In the volatile and often virulent political climate of this election cycle, followers of Jesus would do well to remember times for quiet, peaceful and graceful witness.
Already, there have been some problems with early voting. In North Carolina, college students have been questioned if their campus addresses did not match the one on their driver’s licenses, or they have been given misleading information if they lived out of state prior to attending college. There has also been some confusion about voting a “straight ticket” in North Carolina, which excludes a vote for president in a national election.
Long lines and computer glitches have been reported elsewhere. There is hope that early voting will relieve some of the expected congestion on Election Day. It seems more likely, however, to prepare for at least some measure of frustration when we wait in line to exercise our fundamental right as American citizens.
Consider the plight of the election workers. “This is a tsunami for all election boards,” says Richard Bauer, the assistant director of the St. Louis County Board of Election commissioners in Missouri. I am sure many of them have never seen a day like the storm of people looming ahead.
Anticipating 1,300 guests inside our church got me thinking. I wondered if we could offer parking assistance or umbrellas for voters in case of bad weather. Perhaps a group of church volunteers could be organized to offer seats for the elderly or infirmed who waited in long lines. Even some kind of beverage service might be a friendly and warm welcome for those entering our building for the first time.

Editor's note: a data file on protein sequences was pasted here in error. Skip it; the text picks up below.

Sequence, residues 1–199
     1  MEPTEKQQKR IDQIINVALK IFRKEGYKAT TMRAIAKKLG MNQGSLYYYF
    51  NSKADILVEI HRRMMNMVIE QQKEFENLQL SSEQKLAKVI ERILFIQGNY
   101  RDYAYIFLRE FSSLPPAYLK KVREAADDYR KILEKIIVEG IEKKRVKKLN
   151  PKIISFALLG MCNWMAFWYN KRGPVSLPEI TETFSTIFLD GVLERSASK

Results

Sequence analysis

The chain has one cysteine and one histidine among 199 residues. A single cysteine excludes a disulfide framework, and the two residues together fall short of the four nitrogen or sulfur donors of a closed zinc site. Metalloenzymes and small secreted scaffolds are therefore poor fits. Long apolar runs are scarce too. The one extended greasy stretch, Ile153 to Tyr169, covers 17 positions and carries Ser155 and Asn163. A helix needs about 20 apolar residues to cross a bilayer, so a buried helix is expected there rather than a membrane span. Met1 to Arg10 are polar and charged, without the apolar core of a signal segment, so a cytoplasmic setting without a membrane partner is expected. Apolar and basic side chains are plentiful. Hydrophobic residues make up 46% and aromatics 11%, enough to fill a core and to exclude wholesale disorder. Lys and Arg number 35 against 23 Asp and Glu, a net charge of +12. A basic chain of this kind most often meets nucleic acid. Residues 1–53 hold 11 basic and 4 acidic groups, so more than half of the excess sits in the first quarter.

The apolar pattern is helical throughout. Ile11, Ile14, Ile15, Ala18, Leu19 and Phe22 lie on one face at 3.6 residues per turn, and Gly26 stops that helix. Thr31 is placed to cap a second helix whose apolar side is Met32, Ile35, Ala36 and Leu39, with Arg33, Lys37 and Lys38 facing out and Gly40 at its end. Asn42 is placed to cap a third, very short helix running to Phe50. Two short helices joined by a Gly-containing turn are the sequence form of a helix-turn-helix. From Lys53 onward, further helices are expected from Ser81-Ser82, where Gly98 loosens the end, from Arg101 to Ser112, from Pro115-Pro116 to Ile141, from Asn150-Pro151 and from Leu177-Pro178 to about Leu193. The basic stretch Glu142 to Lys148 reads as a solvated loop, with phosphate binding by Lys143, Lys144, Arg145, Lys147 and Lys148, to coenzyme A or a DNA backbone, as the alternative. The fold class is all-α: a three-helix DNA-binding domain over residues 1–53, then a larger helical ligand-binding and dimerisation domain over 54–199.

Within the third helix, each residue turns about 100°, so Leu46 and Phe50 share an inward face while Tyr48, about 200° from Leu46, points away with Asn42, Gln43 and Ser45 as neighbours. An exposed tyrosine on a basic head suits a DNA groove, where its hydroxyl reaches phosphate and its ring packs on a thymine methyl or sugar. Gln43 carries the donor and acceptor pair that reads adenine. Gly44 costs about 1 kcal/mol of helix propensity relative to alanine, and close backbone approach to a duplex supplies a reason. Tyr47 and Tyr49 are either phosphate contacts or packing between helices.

Speaking with our local Board of Elections confirmed the initial fears I had about my plan of hospitality. Only election officials were allowed any contact with the public as they assembled to vote. We would not be required to take down any signage (as long as it was not political in nature), but the welcome from our church to our community on this day would be limited to a silent witness.
This restriction is a reasonable safeguard against the potential for abuses and the protection of privacy we honor when casting our votes. These priorities outweigh the potential intrusion or offense we tempt, even with honorable intentions, when we inappropriately welcome the stranger among us.
But there is no law against the smile, or the peaceful and patient spirit or the kind gesture or deference of honor we extend to those around us. Hospitality is not limited to what we say and what we do. What matters more is how we do what we do and how we say what we say.
Hospitality requires us to understand the context of our interactions and the far greater impact our actions and words have when they are offered at an appropriate time. In the volatile and often virulent political climate of this election cycle, followers of Jesus would do well to remember times for quiet, peaceful and graceful witness.
This Tuesday, Nov. 4, we honor a treasured privilege of our American experience. If you haven’t already done so, please vote, even if you find yourself waiting in a long line. Who knows? You may even be witnessing.
Mark Johnson is senior minister at Central Baptist Church in Lexington, Ky.
Mark Johnson is senior pastor of Central Baptist Church in Lexington, Kentucky.